We went and downloaded the i386 Ubuntu 14.04 ISO, and prayed to the gods that somehow, it would install without any fucking about. This was the hardest bit, as for whatever reason the install media had an exceptionally hard time installing grub.
We dropped our backdoor library in
/lib/lib__mdma.so.1 and entered this path into
/etc.ld.so.preload, and now we can test some theories out.
Firstly, lets try elevate our privileges. We run
hax=lol sudo -l and then CTRL+C, and note it drops us into a root shell.
Next, lets try the
accept() hook. I noticed that this was somewhat broken – it wasn’t playing nice with
apache2 for whatever reason, so I just spun up a
netcat listener on port 81 with
nc -lvp 81 to test it. We then connected to it using
ncat -p 2340 192.168.0.123 81 from our other host.
I notice it tries to spawn a TTY, so I tried get it working with
socat, but had no luck, so I decided to see if I could get the accept backdoor and environment backdoor working in tandem.
I also tested to see if files named
__mdma were visible – they were not! So that filtering clearly works!
Interestingly, every so often the backdoor would uninstall itself. I’m not sure why, I think I was triggering one of its “remove itself and then reinstall” conditions. I didn’t investigate this further due to lack of time.
I tried to see what would happen if I created a file containing the string
klikevil, but nothing interesting seemed to happen, so I’m not really sure whats going on there. That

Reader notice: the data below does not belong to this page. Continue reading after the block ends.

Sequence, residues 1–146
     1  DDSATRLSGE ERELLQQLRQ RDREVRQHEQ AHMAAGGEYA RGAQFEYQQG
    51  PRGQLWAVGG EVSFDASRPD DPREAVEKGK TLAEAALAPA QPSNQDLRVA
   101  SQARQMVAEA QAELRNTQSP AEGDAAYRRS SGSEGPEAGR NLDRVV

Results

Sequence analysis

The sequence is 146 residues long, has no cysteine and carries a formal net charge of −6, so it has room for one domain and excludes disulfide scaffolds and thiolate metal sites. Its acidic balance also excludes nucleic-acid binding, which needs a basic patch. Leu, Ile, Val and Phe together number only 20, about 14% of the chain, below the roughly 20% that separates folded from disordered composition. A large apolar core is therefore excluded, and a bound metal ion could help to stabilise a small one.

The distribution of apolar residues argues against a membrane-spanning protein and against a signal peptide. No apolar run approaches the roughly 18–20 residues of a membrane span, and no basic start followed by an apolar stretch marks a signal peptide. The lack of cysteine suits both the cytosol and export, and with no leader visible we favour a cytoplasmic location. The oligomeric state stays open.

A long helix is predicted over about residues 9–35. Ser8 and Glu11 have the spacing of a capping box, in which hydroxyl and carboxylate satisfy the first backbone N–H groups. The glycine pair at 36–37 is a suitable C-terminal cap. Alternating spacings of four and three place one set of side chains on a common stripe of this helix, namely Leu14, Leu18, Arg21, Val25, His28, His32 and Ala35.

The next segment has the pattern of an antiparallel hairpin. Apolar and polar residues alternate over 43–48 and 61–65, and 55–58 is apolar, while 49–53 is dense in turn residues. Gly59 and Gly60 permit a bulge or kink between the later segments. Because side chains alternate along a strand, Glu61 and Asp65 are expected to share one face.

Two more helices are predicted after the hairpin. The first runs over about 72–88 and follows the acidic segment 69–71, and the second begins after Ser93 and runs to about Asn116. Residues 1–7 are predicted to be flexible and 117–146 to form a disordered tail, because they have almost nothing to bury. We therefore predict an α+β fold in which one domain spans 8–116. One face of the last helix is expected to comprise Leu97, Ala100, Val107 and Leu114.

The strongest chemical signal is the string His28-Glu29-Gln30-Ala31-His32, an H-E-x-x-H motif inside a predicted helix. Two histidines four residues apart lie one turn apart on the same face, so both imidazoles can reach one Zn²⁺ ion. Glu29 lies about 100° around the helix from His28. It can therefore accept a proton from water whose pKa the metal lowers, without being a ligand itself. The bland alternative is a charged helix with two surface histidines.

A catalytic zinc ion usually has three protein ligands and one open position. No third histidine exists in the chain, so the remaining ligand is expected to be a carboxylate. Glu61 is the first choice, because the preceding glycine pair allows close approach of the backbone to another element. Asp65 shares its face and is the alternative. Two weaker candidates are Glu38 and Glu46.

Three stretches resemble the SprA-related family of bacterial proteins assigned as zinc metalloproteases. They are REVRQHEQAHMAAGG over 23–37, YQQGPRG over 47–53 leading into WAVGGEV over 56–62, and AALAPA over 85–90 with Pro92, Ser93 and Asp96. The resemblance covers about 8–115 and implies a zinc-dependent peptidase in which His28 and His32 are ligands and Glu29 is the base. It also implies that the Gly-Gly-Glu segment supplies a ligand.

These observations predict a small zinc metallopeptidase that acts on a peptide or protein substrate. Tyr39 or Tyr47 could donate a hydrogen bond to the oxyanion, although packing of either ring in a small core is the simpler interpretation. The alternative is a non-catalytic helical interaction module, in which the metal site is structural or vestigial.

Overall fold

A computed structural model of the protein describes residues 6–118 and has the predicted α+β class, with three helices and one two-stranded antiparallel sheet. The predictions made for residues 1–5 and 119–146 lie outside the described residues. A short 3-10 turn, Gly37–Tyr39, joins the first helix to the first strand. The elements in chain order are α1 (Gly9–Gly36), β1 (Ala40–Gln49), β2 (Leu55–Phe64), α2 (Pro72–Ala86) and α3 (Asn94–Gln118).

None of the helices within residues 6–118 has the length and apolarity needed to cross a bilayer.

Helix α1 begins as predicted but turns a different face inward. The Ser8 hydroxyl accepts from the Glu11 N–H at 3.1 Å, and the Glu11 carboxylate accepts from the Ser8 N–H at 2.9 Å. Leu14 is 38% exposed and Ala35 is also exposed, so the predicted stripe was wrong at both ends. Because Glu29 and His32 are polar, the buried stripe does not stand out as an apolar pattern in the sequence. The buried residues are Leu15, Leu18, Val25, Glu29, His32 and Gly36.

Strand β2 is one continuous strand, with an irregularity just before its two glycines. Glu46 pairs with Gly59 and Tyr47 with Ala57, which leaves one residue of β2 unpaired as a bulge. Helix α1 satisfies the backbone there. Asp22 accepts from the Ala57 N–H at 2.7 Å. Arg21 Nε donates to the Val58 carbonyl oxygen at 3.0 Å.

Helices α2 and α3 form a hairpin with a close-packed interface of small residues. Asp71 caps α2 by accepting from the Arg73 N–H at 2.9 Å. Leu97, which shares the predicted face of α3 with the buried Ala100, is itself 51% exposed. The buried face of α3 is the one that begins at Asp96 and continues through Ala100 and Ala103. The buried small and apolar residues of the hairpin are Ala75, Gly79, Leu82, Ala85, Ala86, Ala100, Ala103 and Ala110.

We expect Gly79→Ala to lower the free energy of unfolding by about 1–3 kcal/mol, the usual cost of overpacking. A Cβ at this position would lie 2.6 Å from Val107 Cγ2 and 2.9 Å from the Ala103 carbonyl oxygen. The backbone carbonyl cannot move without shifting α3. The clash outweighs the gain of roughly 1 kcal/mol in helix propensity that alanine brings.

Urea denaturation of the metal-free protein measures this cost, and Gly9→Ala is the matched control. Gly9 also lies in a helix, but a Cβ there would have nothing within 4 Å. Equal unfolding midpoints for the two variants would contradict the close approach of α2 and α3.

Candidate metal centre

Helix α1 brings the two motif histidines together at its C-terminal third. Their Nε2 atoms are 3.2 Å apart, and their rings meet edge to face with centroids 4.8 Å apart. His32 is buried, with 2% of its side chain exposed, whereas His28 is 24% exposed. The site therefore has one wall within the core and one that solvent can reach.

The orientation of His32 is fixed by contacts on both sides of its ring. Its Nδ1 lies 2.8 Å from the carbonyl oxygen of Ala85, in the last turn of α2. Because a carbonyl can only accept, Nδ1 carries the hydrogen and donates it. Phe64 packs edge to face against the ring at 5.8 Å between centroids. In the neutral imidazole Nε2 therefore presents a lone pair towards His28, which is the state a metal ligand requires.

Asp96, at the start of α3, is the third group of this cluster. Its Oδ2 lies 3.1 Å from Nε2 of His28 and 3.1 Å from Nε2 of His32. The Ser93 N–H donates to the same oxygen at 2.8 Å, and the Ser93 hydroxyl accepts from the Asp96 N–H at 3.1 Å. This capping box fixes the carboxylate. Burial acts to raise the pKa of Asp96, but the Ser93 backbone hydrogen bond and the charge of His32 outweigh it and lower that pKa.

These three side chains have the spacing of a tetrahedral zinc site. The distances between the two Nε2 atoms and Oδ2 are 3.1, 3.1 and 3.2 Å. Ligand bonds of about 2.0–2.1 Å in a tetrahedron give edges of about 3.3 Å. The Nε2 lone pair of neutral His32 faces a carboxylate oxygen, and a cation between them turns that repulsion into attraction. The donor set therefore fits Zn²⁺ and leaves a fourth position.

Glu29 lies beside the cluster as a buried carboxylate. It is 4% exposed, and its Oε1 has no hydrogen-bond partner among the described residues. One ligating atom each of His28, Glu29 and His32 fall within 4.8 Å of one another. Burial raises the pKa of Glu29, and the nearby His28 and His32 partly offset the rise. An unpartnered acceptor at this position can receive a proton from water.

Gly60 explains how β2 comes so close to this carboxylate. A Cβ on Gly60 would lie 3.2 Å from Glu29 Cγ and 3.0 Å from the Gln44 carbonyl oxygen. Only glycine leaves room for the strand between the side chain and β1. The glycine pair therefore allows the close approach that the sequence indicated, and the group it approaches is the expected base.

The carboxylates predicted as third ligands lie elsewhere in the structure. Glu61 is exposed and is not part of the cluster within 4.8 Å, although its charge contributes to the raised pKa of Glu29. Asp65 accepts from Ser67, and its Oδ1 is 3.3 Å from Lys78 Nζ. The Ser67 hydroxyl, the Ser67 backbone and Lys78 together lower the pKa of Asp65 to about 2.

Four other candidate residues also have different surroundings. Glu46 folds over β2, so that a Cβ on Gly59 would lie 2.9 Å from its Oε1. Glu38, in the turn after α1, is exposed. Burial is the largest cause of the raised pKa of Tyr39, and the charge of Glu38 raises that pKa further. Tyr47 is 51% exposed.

strnvis hook will remain somewhat of a mystery, I guess, for now. Maybe an Actual Reverse Engineer can work it out – someone who has IDA Pro Call Graphs in their blog posts.
I then checked if the backdoor shell connection showed up in
netstat, and it was successfully filtered out. Very nice.
The final test was rebooting the VM. Does it reboot? Does the preload hook fuck up the entire thing? Does it actually persist?
After all, in the IRC logs it seemed someone was having serious issues with this rootkit fucking up their systems ability to function at all. So I rebooted the VM and waited. It seemed to be taking its sweet time coming back to life. Was it going to make it? Who knows. I went and put the kettle on.
Nope. Dear reader, the poor system was completely fucking hosed.
I managed to get it into recovery boot, mount the filesystem r/w and drop to a root shell, which allowed cleaning it up (by deleting /etc/ld.so.preload), but it appears that
plymouth was having a Big Sad caused by some part of the rootkit crashing.
This is entirely possibly down to just weird fuckery to do with compiling a shared library on one box, and running it on another. Without access to source code or the exact target host? I’ll never know if this thing doesn’t just crash all the time.
So in summary, this malware has the following features:
- Remote access using an
- Local privilege elevation using a magic-environmental variable.
- Post-reboot persistence (in theory!)
- Hides files containing the string
- Hides directories containing the string
- Hides processes containing the string
- Can hide network connections from netstat, etc.
- Userland based rootkit of the LD_PRELOAD class.
I think that just about wraps this one up, to be honest. I was considering memory dumping the VM and doing analysis in Volatility or similar, but I might do that in a future blog post if there is interest.
I also considered doing some IoC’s or something, but that could be a future blog post. Deadline has been hit on this one tbh.
The sample has been uploaded to VirusTotal here: VirusTotal